Here’s the weekend update on nuclear fallout, with his referenced articles either linked or reproduced below. Highlighting some of it: TEPCO seeks a trillion-yen bailout; Japanese hold a conference demanding more public input into the nuclear debate; Government and industry lie about nuclear safety; German Study: Children near nuclear plants have DOUBLE leukemia rates; Canadian officials lie to public about radiation levels, and much more.
If wolves could understand the risks
By Dennis Riches
The American public broadcaster PBS recently aired a documentary called Radioactive Wolves. The film examines the flourishing wildlife in the Chernobyl Exclusion Zone (CEZ), and raises fascinating questions about whether this land will ever recover from the worst industrial accident in history.
While pro and anti-nuclear activists have always had extremely different conclusions about the effects of long-lasting, low-level radiation, a comment by the director of Radioactive Wolves, Klaus Feichtenberger, offers a fundamental point that both sides should be able to agree on. An interviewer asked him:
“Q. We are expecting to see animals in trouble here, struggling with radiation poisoning and mutations. How is it that nothing seems to be wrong?
A. In the first few years after the accident, when high concentrations of various radionuclides dotted the land, there were, in fact, many casualties. In the wild, any sick animal will soon disappear. Twenty-five years down the road, much of the fall-out has been diluted by water or sand, washed away or blown away by the wind. The ambient radiation is not very high, although dirty spots with Plutonium in the ground remain and will remain for a long time.
According to a very elaborate study by Belarusian scientists, 4 to 6 % of every new generation of small rodents suffers some sort damage from radiation. These individuals will usually not reproduce. If they do, they do not seem to pass on radiation-induced changes to the next generation. The overall population is not affected by a loss of 4 to 6 % per generation.
Q. Would we be more affected by radiation than the animals here? Why are people not allowed to return to the zone?
A. Simply because 4 to 6% of all babies being in some way handicapped would be a disaster for humans, even though a human population as a whole would continue to live.”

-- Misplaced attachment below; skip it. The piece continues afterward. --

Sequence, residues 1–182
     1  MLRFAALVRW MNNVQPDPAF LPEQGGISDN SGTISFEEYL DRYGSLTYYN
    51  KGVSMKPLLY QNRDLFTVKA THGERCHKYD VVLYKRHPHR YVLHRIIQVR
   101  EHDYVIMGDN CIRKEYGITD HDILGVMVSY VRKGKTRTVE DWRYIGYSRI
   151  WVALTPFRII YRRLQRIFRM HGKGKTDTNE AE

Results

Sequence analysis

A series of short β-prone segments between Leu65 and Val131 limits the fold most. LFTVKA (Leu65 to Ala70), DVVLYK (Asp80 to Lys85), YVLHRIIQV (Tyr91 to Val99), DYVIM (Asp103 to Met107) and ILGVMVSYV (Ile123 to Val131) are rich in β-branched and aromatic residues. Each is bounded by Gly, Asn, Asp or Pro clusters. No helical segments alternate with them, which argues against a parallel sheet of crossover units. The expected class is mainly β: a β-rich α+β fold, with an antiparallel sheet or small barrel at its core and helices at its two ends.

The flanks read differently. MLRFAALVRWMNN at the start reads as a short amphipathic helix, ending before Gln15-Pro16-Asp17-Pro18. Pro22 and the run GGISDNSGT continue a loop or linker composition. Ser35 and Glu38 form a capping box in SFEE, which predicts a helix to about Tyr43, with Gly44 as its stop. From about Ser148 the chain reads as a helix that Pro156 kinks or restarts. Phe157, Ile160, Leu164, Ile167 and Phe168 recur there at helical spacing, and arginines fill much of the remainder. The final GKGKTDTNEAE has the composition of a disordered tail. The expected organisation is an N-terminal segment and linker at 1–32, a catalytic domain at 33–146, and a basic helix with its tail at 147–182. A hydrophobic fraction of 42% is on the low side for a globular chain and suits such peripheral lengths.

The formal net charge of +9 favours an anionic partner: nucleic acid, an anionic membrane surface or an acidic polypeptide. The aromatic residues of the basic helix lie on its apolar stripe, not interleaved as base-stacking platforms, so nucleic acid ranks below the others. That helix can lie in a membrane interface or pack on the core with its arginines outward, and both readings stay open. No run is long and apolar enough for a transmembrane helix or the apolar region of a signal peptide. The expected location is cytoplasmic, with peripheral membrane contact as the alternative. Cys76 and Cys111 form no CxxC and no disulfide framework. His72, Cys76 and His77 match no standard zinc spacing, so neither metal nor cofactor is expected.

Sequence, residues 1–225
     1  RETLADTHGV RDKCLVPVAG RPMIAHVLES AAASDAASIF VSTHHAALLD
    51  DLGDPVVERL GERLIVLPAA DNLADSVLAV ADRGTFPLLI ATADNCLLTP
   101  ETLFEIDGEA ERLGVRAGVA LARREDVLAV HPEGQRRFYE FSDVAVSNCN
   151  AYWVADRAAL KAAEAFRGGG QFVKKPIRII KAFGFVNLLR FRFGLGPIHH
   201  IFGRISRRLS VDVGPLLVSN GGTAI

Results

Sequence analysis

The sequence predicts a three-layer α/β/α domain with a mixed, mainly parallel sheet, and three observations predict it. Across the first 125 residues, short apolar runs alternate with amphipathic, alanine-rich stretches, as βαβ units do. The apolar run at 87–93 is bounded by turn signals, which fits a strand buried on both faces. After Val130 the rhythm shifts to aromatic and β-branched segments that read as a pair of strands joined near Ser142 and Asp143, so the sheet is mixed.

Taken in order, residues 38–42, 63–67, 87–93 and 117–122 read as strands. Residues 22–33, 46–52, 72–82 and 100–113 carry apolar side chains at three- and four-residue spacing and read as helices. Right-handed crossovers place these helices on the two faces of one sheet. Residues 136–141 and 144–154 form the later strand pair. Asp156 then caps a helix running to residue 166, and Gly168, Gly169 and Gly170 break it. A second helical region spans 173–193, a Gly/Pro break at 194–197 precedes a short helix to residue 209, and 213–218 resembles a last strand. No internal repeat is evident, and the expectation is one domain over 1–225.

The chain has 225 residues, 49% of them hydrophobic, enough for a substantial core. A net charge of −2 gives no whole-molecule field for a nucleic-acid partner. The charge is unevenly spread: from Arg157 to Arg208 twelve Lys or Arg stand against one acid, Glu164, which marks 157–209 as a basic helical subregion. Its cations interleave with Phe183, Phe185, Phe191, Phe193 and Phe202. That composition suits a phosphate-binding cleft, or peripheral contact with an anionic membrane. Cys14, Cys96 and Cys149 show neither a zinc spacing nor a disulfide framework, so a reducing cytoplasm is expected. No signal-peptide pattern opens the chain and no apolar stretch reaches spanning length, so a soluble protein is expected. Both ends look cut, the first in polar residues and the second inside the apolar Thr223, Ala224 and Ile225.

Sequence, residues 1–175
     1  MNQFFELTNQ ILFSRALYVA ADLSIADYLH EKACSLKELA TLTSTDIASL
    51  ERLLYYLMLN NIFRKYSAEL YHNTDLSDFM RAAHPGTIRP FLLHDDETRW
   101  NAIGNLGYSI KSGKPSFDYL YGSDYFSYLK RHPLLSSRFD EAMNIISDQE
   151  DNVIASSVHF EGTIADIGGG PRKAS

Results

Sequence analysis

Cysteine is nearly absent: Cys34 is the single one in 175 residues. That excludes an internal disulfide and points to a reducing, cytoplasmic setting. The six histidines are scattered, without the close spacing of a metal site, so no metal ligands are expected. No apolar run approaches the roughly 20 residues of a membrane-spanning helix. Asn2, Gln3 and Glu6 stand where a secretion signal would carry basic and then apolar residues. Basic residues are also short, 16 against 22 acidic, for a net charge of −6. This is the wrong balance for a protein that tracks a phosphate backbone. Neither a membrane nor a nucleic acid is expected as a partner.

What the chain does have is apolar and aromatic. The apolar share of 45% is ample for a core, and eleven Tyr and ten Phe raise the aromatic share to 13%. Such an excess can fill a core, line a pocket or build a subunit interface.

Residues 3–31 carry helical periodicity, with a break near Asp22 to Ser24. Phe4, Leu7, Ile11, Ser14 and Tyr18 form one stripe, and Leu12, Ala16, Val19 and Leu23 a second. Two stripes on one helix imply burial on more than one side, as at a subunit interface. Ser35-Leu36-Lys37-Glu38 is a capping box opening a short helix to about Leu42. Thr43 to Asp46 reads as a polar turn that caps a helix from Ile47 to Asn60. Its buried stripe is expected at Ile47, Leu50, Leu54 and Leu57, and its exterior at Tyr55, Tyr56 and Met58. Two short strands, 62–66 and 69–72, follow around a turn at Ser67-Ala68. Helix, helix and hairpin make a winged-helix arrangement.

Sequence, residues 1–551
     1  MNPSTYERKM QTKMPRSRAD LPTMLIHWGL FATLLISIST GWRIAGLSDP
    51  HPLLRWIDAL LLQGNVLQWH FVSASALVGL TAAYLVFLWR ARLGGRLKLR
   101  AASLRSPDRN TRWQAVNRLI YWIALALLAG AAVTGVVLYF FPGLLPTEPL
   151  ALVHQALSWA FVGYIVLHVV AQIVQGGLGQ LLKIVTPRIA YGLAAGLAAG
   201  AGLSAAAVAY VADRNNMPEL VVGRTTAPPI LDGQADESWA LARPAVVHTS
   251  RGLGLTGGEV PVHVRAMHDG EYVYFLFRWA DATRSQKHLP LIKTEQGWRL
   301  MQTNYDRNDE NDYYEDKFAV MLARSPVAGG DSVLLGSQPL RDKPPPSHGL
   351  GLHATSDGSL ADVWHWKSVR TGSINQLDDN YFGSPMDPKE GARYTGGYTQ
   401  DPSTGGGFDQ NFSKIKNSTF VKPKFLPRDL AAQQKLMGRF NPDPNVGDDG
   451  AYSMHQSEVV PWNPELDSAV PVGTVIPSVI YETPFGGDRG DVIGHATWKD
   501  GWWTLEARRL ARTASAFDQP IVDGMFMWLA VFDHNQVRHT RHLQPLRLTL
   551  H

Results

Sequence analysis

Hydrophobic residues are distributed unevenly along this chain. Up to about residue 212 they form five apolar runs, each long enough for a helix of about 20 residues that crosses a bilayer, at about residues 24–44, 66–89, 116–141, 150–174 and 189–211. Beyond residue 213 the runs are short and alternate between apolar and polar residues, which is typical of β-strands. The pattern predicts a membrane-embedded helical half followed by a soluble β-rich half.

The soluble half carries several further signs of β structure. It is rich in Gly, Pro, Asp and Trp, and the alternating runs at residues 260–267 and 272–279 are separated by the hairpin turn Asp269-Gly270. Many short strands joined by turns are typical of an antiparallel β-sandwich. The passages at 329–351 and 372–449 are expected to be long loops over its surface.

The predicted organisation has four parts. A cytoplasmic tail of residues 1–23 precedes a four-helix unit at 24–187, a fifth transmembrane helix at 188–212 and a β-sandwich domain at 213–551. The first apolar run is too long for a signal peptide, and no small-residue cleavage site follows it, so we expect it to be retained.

So, while anti-nuclear activists could concede the point here that some animals appear to be thriving, by a revised definition of the word thriving, pro-nuclear activists have to admit that the finding means little to humans. The question is not whether a location is fit of habitation, or whether the local radiation is going to give me cancer, but whether it is fit for human procreation. The anti-nuclear side can admit that most adults can indeed tolerate fairly high levels of radiation, but the pro-nuclear side has to admit that fetuses and children can be severely damaged by very low levels of radiation.
This is why the CEZ will remain uninhabited, and why people in Fukushima are justified in wanting compensation to leave the area. Despite government expenditures to prop up the economy of contaminated areas, these areas are probably doomed. The market will speak. No one will want to raise children in such areas, and it is impossible to imagine any revitalization plan that can succeed in the absence of young people.
In April, 2011, Wired Magazine covered the controversy over wildlife studies in the CEZ, discussing the conflicting research findings on whether wildlife really was recovering. The article was more supportive of the view that the bad effects have been exaggerated, but it mentioned one grim qualification that should give pause to the optimists who think this land is going to recover:
“While iodine-131 decayed long ago and the strontium and cesium are slowly becoming less potentially lethal, the hot particles of plutonium-241 scattered across the landscape are actually decaying into an even more toxic isotope, americium-241. A more powerful emitter of alpha radiation than plutonium, americium is also more soluble and can easily find its way into the food chain. Americium-241, in turn, decays into neptunium-237, another energetic alpha emitter that has a half-life of more than 2 million years. As of yet, the long-term effect of americium-241 on animals remains largely unknown.”